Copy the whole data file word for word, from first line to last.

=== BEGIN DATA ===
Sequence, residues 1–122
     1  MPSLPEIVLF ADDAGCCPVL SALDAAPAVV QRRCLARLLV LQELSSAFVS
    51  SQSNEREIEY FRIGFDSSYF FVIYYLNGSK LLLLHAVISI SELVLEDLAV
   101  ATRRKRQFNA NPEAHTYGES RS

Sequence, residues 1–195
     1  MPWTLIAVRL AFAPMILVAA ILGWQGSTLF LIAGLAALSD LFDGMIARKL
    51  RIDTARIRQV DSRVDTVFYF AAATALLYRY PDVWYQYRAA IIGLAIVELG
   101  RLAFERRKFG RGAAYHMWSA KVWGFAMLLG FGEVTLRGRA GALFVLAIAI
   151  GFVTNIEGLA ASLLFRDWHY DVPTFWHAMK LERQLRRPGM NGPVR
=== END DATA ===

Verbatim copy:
Sequence, residues 1–122
     1  MPSLPEIVLF ADDAGCCPVL SALDAAPAVV QRRCLARLLV LQELSSAFVS
    51  SQSNEREIEY FRIGFDSSYF FVIYYLNGSK LLLLHAVISI SELVLEDLAV
   101  ATRRKRQFNA NPEAHTYGES RS

Sequence, residues 1–195
     1  MPWTLIAVRL AFAPMILVAA ILGWQGSTLF LIAGLAALSD LFDGMIARKL
    51  RIDTARIRQV DSRVDTVFYF AAATALLYRY PDVWYQYRAA IIGLAIVELG
   101  RLAFERRKFG RGAAYHMWSA KVWGFAMLLG FGEVTLRGRA GALFVLAIAI
   151  GFVTNIEGLA ASLLFRDWHY DVPTFWHAMK LERQLRRPGM NGPVR